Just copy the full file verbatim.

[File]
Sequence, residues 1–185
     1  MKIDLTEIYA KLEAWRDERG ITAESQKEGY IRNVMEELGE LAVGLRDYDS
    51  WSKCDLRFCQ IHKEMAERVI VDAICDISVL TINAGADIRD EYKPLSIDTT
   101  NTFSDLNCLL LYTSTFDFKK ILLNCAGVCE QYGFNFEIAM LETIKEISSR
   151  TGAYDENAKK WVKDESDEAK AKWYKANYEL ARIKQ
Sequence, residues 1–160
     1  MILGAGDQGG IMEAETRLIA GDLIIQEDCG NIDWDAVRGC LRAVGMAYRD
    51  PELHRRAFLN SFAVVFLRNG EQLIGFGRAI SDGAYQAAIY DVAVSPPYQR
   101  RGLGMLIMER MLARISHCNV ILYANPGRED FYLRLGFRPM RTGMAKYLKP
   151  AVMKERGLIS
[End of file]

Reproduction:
Sequence, residues 1–185
     1  MKIDLTEIYA KLEAWRDERG ITAESQKEGY IRNVMEELGE LAVGLRDYDS
    51  WSKCDLRFCQ IHKEMAERVI VDAICDISVL TINAGADIRD EYKPLSIDTT
   101  NTFSDLNCLL LYTSTFDFKK ILLNCAGVCE QYGFNFEIAM LETIKEISSR
   151  TGAYDENAKK WVKDESDEAK AKWYKANYEL ARIKQ
Sequence, residues 1–160
     1  MILGAGDQGG IMEAETRLIA GDLIIQEDCG NIDWDAVRGC LRAVGMAYRD
    51  PELHRRAFLN SFAVVFLRNG EQLIGFGRAI SDGAYQAAIY DVAVSPPYQR
   101  RGLGMLIMER MLARISHCNV ILYANPGRED FYLRLGFRPM RTGMAKYLKP
   151  AVMKERGLIS